We are set to get all of the Shadowspear stuff though, which is exciting, along with some more units to more fully flesh-out the Phobos-armour section of the force. Not only that, but Space Marines are now building battle suits! I do quite like this chap, and I’m thinking I might treat myself to one at some point in the future – when I eventually decide what I want to do with the various Space Marines that I’ve picked up over the years!

Kill Team is well over 12 months old now, and is getting a new starter set in celebration. Well, I’m not sure if that was the actual motivation, but anyway! T’au Fire Warriors vs Space Wolf Primaris Marines, battling it out among the ruins of the Sector Mechanicus. Cool beans, though I’m not sure if that is going to prove to be as popular a box as the initial one, simply because of the terrain on offer. But it’s good that they’re recognising the game is popular enough to need the starter box as a range item.

I can’t do a 40k update blog without mentioning the latest reveals from the Battle Sister Bulletin, starting with the incredible new Canoness model. What a sculpture! I suppose the centrepiece model of the army will still be Saint Celestine, but to have a really ornate character model like this to stand out is a real treat, for me. Several people have pointed out the fact that it’s nice for GW to be portraying a more mature lady for the role as well, which I suppose is a good thing, though I wish it was something that didn’t have to be made an issue of. I’m sure she’ll be the subject for many painting competition entries for years to come, anyway!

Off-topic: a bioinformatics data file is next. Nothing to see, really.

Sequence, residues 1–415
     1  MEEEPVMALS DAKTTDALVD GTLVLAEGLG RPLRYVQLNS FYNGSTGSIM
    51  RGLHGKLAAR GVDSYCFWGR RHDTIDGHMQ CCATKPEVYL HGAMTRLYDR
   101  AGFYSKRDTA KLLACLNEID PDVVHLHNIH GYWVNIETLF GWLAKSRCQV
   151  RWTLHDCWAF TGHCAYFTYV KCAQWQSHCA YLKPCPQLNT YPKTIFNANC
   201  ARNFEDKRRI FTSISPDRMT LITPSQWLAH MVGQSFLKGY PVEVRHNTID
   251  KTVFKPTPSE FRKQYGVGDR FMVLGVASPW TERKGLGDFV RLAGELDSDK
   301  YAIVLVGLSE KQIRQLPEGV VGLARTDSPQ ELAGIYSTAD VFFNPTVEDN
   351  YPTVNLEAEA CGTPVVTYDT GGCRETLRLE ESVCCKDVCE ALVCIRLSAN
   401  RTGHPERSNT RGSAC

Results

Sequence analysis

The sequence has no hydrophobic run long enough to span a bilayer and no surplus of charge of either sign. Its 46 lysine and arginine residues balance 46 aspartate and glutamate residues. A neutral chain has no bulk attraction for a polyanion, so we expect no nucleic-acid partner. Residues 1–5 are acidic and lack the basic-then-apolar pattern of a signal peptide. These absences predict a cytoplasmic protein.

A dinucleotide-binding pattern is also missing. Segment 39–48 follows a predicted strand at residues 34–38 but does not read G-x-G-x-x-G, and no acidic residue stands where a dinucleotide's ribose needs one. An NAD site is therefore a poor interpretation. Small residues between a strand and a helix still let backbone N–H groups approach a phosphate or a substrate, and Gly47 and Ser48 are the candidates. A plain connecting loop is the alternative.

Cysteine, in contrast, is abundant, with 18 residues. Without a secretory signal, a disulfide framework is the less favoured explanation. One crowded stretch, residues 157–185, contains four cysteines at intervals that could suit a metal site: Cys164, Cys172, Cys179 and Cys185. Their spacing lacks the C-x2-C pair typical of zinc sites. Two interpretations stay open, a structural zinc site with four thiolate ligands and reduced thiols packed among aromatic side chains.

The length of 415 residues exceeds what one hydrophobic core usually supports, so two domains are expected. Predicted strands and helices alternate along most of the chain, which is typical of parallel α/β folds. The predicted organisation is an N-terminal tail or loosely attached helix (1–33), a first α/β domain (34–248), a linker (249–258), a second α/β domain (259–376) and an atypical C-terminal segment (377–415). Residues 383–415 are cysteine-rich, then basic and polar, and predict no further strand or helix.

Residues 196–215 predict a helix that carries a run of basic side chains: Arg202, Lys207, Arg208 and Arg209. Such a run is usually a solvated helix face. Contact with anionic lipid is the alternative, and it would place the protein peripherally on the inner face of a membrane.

I was a bit sceptical when I did my Bulletin round-up blog last month that we’d see the Sisters Repentia, but in the very next bulletin, we got the first look at these girls, and they are pretty good, I have to say! The half-naked look has been replaced with one that is vaguely unsettling, but which echoes the purpose of these miniatures really well.

If the canoness miniature is going to form the subject of so many competition entries for years to come, I think the latest reveal is going to be adorning display cabinets across the globe for decades!

The Hospitaller model is stunning. There’s no other word for her, really. She’s got a similar sort of scenic base to the Primaris Apothecary, I suppose, but what an incredible model to include in the army! The rules for the Hospitaller in the beta-Codex are actually quite bland, albeit fairly powerful when used at the right time. I guess the miniature itself seems to suggest a much more grand position than just returning D3 lost wounds / a single miniature to a squad per turn. She costs less points than a swarm of Canoptek Scarabs, but the model is just insane!

Sisters of Battle should be a very cool army once they start to be released, and I’m sure there will be forces cropping up all over the place! My inner-hipster wants to wait out the initial flurry, and see how the land lies and the Codex fares before I go all-out, though. It’s not like I don’t have plenty of stuff going on, after all!